The new brand landscape for law firms

I received a package the other day from a prominent law firm announcing a rebranding, which seemed to consist of a shorter name and a clever new logo. There didn’t seem to be anything otherwise new or different about the firm, so the brochure went straight into the blue box. But I was reminded of a remarkably similar mailing I received, something like eight years ago, from a big firm that, like this one, had shortened its name, come up with an abstract logo, and called it rebranding.

So it might be time to review what a brand is and is not. This is important, because right now, we’re on the verge of a major shift in the law firm brand landscape.

1. A new name and a new logo do not constitute a new brand. A brand is a promise — a guarantee of identity, reliability and/or quality. A brand is what your customers come to expect about your product’s or service’s performance and delivery.

2. Whether your brand is a good one or a bad one depends almost entirely on how well or how poorly you perform that function and delivery.

3. An effective brand is unique, or at least easily distinguishable and differentiable from the competition, and is aligned with your actual conduct. An ineffective brand is one that’s belied by what you actually do — a company that doesn’t follow through on its brand promise hollows out the brand’s effectiveness.

Now, law firms are, generally speaking, terrible at branding, for a couple of reasons. First, most firms don’t stand out from their competition in terms of the services they offer, the solutions they recommend, the rates they charge and the manner in which they bill. So it doesn’t matter how they brand themselves, they all act essentially the same way and are effectively indistinguishable from clients’ points of view.

Secondly, when law firms do make brand promises, they don’t keep them consistently, if at all. Partly this is because their promises are abstract and extravagant — how can every law firm have “top-tier practitioners” with “leading litigation and corporate abilities” who “provide the highest quality legal services” (quotes taken at random from law firm websites)? Here’s a fun exercise — read 50 law firm sites and count how many firms work for “many of the leading corporations and financial institutions in the world.”

And partly it’s because most law firms have no mechanisms to enforce follow-through on their brand. How can clients expect a consistent type of service when every partner is effectively autonomous, project management templates are rare or non-existent, and key talent leaves and enters the firm like a carousel? So most law firms suffer from the twin brand defects of not offering anything uniquely distinguishable from the competition, and not offering it in a reliable fashion.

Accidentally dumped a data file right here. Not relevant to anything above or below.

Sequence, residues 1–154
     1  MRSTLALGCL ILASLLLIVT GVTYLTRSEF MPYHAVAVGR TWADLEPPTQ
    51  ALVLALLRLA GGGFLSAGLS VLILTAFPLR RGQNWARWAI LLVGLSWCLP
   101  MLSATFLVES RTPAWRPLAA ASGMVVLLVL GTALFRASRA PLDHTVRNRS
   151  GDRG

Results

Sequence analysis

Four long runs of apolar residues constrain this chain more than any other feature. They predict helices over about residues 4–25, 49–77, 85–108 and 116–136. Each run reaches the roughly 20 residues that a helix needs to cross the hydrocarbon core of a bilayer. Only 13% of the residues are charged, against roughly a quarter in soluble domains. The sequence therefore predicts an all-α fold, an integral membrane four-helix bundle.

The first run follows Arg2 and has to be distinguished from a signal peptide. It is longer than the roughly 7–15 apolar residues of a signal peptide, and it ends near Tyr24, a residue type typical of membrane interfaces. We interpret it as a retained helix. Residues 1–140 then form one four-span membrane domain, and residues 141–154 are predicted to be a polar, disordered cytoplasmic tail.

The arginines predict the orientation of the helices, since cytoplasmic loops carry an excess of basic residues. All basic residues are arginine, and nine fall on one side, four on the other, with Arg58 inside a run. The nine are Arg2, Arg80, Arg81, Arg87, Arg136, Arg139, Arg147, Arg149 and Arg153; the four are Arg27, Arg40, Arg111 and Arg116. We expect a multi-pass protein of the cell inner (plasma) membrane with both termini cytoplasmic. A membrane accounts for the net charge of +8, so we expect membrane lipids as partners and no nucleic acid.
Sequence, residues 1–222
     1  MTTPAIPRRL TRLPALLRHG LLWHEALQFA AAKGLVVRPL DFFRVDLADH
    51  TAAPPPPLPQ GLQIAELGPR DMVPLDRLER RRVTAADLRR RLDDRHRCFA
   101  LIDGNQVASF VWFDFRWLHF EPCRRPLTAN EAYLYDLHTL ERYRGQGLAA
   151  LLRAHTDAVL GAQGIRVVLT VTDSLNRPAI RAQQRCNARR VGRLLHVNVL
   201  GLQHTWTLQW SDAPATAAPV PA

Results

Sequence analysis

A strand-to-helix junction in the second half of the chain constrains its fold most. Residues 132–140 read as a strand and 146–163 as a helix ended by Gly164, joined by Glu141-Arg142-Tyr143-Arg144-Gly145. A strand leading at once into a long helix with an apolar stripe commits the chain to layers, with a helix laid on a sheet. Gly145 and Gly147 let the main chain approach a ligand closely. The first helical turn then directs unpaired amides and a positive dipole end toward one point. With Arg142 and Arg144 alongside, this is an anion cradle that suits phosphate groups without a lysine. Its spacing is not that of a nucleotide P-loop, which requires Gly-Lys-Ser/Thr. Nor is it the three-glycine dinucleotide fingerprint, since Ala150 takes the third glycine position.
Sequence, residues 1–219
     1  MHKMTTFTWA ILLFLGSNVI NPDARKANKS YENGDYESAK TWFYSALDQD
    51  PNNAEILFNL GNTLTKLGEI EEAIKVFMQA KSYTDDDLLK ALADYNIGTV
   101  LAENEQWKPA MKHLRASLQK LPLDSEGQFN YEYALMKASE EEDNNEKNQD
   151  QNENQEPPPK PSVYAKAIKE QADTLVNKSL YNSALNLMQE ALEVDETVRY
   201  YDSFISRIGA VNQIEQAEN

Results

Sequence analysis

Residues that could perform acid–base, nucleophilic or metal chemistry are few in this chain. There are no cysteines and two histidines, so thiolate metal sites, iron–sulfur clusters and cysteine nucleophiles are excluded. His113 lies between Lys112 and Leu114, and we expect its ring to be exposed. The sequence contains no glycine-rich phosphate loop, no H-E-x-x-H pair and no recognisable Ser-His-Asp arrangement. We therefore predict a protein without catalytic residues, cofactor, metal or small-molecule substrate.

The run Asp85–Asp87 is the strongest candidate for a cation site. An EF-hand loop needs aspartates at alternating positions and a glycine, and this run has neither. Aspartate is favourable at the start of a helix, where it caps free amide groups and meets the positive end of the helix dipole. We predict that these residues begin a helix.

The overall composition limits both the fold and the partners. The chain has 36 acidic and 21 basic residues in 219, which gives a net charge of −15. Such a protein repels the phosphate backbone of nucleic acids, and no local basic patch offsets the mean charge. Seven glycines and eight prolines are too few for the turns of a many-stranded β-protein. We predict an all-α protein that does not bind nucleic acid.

That’s the bad news. Here’s the good news: the range and types of brands available in the law are exploding as we speak. Today, brand opportunities are opening up everywhere — not primarily in new industries or practice areas, although there are a few of those, but in how a firm delivers value to its clients. Service delivery, billing parameters, value definition, client communications, risk sharing — these and many other key elements of customer relationships, which have lain dormant and ignored for years, are coming to sudden life.

Take the oldest complaint in the book — the billable hour system — as an example. Clients have moaned for decades about how the billable hour removes the burdens of accountability and risk from the lawyer (though clients share some of the blame for not pushing harder), and conventional wisdom called the billable hour unkillable.

But now there are firms that have successfully staked out this ground and branded themselves as having abandoned the billable hour altogether. Clients sat up and took notice as, one after another, Summit, Valorem, Tucker Ellis & West, Shepherd Law Group, Rosen Law Firm, Waite, Schneider, Bayless & Chesley, and others I don’t even know about swapped billables for flat fees or other mechanisms. And banning billables isn’t just for clients, either: new recruits looking for a law firm that’s different will also be drawn to Ford & Harrison, Strasburger & Price, Thackray Burgess or Moore & VanAllen, which have to various degrees eliminated billable targets for associates.

You can’t be the very first firm to give yourself the non-billable brand, but you could be the first in your region, or your practice area, or the particular niche you’ve carved out. And if you don’t want to rely on fixed fees as the foundation of your brand, that’s fine — there are many others. You could be the first firm on your block to:

  • work with your clients to design a list of criteria to define the “value” of your services;
  • redesign your fees to build in risk-sharing and even success bonuses to all matters;
  • make client communication the cornerstone element of a successful retainer;
  • outsource or automate every non-essential aspect of a client’s matter;
  • offer an unconditional money-back guarantee if the client is less than 100% satisfied;
  • follow through on a promise that every client call or e-mail is returned within four hours.

There are lots more you can think of that would apply directly to your region or practice area, or that meet a need you often hear clients talking about (assuming you’re listening to them). These are the new brand opportunities opening up across the profession — the new promises you can make, and keep, to current clients and future clients. This is how you can differentiate yourself from your competitors — not through names and logos, but through the on-the-ground reality of value definition and service delivery.

And don’t wait too long to adopt these brand strategies, either — they’ll be snapped up a lot faster over the next few years than you might think.

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